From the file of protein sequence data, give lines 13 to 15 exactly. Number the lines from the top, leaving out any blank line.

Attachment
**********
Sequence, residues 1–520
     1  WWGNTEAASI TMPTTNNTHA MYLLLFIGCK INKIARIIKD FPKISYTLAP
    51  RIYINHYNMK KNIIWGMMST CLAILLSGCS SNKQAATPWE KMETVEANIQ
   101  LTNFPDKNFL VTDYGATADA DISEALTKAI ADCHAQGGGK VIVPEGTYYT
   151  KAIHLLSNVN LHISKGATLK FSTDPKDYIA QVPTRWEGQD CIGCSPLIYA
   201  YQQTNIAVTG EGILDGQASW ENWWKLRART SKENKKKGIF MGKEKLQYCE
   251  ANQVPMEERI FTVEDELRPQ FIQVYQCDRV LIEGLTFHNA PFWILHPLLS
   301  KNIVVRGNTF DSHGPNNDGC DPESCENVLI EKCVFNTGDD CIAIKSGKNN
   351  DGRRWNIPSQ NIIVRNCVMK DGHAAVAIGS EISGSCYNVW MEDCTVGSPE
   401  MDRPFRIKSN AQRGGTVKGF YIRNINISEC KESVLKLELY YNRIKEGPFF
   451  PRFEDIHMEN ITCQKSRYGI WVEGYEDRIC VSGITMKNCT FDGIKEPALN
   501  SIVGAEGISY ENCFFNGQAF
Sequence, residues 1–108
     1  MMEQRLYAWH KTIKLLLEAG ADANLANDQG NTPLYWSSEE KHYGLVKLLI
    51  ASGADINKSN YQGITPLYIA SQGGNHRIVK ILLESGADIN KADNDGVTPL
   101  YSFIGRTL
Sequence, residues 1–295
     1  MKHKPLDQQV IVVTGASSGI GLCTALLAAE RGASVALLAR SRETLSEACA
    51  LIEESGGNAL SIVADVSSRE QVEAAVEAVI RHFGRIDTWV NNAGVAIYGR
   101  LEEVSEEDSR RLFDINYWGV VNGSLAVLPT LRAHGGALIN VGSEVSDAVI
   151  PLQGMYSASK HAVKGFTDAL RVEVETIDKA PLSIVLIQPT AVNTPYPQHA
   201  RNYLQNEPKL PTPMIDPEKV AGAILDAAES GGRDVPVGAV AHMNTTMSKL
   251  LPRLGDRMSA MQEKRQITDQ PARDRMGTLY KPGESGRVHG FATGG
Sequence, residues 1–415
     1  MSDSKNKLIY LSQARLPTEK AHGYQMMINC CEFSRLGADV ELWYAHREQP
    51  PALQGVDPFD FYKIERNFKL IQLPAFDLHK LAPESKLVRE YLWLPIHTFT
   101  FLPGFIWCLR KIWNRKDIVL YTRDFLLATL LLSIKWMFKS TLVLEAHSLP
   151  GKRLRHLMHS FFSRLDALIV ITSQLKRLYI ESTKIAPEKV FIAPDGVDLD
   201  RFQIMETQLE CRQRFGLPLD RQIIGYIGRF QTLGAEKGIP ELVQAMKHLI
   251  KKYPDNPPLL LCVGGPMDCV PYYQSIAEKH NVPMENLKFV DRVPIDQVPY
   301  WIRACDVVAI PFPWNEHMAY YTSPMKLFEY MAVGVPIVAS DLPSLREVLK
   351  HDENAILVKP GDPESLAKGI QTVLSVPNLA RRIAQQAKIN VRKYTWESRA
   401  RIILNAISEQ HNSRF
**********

Sequence, residues 1–108
     1  MMEQRLYAWH KTIKLLLEAG ADANLANDQG NTPLYWSSEE KHYGLVKLLI
    51  ASGADINKSN YQGITPLYIA SQGGNHRIVK ILLESGADIN KADNDGVTPL